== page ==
The delivery of the daily news was quite different in the 19th century than today. Throughout the 1800s, newspaper distributors, or “post riders” would deliver papers to smaller post offices and suburban areas. Over time, young boys called “newsboys” were employed and assigned specific routes to deliver newspapers to people’s homes. It was also commonplace for newsboys to sell newspapers on the streets, shouting out headlines to capture the attention of passersby. With the invention of the telegraph, local newspapers published national news to their readers, increasing the number of papers printed.
Many of the biggest headlines were major events that ultimately led to the Civil War. From the Missouri Compromise of 1820 through the Compromise of 1850, the country hotly debated the practice of slavery and the expansion of slave states in the growing union. Views from the north and south were polarized in a game of give and take with neither side satisfied with what they got. The discussion became increasingly charged in 1859, when radical activist John Brown raided a Federal arsenal at Harper’s Ferry. Brown’s intention was to lead a slave revolt, however, his mission failed. He was arrested and charged with treason. Coverage of his trial was huge in American newspapers. Brown and his band were convicted and sentenced to death by hanging. John Brown’s raid and his execution was a significant catalyst that spurred the country to civil war.
The inauguration of Abraham Lincoln led to another hot headline of the 19th century. As a reaction to his officiation, Confederate troops opened fire on Fort Sumter, the Union’s main military post in Charleston, South Carolina. News of the attack made its rounds in the papers and made an indelible mark on history. To many, the attack at Ft. Sumter marked the split of the 19th century in American history—the pre-industrial antebellum “before” the firing on Ft. Sumter, and the post-war, post-industrial “after”.
The war brought other major headlines: General Lee’s defeat at Gettysburg, the Battle of Fredericksburg, Lincoln’s Emancipation decree, Lee’s Surrender at Appomattox. But one of the biggest headlines came a few days after the war’s end…the assassination of President Lincoln.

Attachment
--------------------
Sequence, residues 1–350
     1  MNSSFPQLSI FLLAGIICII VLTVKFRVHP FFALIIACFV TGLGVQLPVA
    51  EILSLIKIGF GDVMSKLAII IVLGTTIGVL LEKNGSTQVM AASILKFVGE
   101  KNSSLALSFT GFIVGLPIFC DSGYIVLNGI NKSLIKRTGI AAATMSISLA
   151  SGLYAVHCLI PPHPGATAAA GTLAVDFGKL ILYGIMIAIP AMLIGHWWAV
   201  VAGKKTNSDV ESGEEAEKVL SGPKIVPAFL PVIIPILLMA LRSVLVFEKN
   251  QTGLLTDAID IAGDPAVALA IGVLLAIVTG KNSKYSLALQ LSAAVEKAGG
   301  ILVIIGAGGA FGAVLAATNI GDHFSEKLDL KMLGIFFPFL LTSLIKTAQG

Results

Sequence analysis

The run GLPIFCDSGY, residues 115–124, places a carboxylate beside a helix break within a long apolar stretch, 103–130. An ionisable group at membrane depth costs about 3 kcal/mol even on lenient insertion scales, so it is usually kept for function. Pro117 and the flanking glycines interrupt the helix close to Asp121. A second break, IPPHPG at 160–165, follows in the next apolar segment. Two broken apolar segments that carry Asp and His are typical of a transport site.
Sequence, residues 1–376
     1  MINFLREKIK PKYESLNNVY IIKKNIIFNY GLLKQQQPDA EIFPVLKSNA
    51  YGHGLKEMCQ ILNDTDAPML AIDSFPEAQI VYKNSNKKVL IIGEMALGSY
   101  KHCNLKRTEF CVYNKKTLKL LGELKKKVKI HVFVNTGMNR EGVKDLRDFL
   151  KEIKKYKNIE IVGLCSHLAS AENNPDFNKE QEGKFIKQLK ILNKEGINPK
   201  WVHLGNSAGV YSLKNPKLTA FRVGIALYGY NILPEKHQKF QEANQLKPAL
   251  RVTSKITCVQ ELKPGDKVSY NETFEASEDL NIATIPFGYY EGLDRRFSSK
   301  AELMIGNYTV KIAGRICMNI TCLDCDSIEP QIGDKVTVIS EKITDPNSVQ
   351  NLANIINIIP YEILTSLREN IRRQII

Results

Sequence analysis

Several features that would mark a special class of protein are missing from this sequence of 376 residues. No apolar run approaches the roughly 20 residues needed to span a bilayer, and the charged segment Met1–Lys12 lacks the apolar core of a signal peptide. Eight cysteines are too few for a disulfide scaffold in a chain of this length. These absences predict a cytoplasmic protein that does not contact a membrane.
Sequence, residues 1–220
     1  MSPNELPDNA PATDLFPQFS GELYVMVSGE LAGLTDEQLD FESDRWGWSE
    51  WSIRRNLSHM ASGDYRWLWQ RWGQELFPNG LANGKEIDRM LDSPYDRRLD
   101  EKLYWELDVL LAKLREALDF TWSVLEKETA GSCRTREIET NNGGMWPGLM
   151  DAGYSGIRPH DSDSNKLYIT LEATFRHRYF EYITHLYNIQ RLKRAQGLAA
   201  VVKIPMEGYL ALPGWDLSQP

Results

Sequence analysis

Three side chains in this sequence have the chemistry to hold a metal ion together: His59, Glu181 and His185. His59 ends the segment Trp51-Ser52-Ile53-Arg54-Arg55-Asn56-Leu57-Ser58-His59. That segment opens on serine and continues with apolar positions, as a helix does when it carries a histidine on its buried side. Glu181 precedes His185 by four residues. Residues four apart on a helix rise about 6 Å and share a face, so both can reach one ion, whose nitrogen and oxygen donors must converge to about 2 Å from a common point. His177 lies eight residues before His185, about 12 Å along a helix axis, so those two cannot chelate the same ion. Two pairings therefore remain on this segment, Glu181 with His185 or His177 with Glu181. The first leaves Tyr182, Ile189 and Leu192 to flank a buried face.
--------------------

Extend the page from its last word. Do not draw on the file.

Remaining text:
On April 15th, 1865, the newspaper headline “President Abraham Lincoln Shot” shocked America. Reports of the shooting spread fast across telegraph wires and were printed quickly with incredible accuracy. This alacrity could be credited to Lawrence Gobright, the AP reporter who ran from Ford Theater and wrote the report, or Carl Bersch, the artist who witnessed the shooting and sketched the scene. Coverage of the assassination monopolized the papers for weeks (it spanned seven editions of the New York Herald alone!). The news of Lincoln’s death propelled the country into a frenzy with a mixed response of both rejoice and mourning.
Perhaps the most famous editorial ever printed was published in 1897, when a young girl wrote to an editor of The Sun and asked whether there really was a Santa Claus. The editor’s wise and compassionate response has been popularized and is still enjoyed by readers to this day.
With the passing of the Postal Office Act at the end of the 19th century, the delivery of news and distribution of papers changed forever. The newsboys of yesteryear who yelled out headlines in the streets slowly disappeared and were replaced by postmen and paper routes. Today, news is disseminated by a variety of technology-driven methods, but still includes, if you choose, the old-fashioned delivery of newsprint to your doorstep.
“Yes, Virginia, there is a Santa Claus” editorial hyperlink: https://www.newseum.org/exhibits/online/yes-virginia-there-is-a-santa-claus/